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|Earnest, unceasing attention to self-interest
Written by Robbin
(10/21/2009 11:07 a.m.)
The whole of Lucy's behaviour in the affair, and the prosperity which crowned it, therefore, may be held forth as a most encouraging instance of what an earnest, an unceasing attention to self-interest, however its progress may be apparently obstructed, will do in securing every advantage of fortune, with no other sacrifice than that of time and conscience. (Ch. 50)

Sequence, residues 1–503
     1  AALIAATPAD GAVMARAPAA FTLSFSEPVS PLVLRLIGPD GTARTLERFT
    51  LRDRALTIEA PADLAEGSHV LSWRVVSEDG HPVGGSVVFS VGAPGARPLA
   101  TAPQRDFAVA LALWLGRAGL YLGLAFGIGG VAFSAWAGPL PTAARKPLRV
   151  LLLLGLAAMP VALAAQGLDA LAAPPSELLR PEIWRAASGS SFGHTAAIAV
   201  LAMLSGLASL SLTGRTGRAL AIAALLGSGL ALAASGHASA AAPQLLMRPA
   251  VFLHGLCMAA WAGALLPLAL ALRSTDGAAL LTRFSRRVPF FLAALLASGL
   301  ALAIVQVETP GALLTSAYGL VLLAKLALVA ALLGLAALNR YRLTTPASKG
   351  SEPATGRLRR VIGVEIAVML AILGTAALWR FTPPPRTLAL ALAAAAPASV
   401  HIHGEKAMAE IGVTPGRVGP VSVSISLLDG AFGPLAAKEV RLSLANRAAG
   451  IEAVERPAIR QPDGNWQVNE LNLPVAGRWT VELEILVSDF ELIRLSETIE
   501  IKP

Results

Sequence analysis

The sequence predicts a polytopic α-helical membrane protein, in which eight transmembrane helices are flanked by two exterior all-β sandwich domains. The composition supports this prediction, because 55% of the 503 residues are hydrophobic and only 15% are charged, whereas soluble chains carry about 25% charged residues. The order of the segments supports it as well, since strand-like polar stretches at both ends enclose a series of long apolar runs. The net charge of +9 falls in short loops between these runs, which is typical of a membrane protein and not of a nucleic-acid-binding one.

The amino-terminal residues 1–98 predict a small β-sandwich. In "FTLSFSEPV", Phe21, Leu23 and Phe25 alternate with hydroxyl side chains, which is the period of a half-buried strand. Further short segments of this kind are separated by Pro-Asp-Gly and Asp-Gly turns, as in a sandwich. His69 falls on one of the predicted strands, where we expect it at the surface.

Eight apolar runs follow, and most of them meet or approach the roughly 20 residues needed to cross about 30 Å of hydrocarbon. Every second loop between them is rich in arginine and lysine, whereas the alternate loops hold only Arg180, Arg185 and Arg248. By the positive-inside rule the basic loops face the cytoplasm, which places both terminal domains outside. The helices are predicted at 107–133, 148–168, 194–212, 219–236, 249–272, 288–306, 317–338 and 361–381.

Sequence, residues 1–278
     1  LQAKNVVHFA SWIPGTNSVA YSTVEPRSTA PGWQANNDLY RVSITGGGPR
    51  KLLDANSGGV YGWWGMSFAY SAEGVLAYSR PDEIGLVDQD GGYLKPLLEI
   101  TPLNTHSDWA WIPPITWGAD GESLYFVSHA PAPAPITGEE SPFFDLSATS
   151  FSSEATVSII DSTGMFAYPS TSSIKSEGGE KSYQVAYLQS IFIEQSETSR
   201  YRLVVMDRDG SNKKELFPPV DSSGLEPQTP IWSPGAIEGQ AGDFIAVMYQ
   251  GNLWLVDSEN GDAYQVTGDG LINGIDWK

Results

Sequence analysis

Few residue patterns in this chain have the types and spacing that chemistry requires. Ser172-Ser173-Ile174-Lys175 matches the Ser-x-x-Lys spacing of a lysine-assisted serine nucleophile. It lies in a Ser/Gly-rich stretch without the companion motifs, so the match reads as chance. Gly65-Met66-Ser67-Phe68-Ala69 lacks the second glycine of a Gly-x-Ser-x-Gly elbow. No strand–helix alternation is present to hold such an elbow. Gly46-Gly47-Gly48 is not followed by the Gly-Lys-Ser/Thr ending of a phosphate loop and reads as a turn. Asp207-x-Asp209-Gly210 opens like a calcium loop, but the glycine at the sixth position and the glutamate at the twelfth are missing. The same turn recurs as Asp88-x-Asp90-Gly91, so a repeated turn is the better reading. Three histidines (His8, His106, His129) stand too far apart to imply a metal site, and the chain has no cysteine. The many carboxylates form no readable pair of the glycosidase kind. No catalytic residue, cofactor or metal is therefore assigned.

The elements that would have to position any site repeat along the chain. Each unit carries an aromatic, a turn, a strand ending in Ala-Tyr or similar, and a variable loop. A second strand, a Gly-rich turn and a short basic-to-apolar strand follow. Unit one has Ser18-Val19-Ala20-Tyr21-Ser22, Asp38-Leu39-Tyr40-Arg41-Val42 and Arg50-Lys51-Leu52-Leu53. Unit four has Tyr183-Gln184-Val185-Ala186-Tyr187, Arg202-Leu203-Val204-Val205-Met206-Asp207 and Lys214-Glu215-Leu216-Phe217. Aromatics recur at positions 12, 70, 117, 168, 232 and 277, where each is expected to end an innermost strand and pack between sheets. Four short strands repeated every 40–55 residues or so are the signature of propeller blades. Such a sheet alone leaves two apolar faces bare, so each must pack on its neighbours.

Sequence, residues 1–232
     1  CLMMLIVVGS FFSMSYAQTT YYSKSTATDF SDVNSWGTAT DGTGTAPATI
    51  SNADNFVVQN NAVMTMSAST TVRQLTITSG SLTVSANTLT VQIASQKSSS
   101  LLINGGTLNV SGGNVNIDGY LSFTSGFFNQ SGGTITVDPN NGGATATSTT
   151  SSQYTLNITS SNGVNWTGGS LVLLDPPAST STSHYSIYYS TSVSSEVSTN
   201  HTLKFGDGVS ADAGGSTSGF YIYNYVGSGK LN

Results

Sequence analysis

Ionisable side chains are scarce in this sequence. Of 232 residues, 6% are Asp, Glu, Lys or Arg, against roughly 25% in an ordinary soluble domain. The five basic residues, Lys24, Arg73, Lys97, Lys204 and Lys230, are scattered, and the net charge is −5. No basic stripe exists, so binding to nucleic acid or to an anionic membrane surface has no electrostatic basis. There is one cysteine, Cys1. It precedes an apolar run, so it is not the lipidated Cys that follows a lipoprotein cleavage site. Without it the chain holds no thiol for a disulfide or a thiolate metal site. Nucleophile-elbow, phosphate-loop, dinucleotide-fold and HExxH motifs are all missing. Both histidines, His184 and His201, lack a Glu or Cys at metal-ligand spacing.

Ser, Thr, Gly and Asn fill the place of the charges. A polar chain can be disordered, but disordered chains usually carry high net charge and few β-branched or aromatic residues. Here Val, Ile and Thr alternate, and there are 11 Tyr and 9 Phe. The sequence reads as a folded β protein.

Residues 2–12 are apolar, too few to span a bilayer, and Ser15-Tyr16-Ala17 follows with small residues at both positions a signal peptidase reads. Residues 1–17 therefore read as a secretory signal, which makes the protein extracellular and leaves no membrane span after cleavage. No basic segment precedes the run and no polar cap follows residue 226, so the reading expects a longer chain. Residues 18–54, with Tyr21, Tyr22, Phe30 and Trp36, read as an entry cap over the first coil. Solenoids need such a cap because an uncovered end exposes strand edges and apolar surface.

Now that Lucy has revealed herself completely she seems to be a female version of Willoughby. I think the above description of Lucy would do for him as well. They are both users. They manipulate others for their own ends and obviously consider other people’s feelings and welfare insignificant compared to their own. Lucy would have fixed her hopes on Mrs. Ferrars death to free Edward to marry her if there was an end in sight per Ch. 24. Lucy and Willoughby are both fortune hunters, determined to make their fortune by marriage even if the cost is a loveless one and they easily dispose of people who are no longer of use to them. Lucy enters into a secret engagement and if one was suspicious they might note the physical evidence of Edward’s commitment in letters and gifts so very useful in proving her engagement to Elinor. I imagine Willoughby’s courtship of Sophia is similar to Lucy’s in that he needed legal commitment to obtain her fortune but his dealings with other women are just the opposite. He deftly avoids legal entanglements so that he can discard girls when they no longer fulfill his needs. Neither Lucy nor Willoughby buck at ignoring moral obligations they have incurred yet seem to depend on their victims acting with honor towards them. Lucy depended on Edward keeping his promise to her out of honor while Willoughby works under the cover of honor and respectability. No one suspected his lack of honorable intent towards Marianne.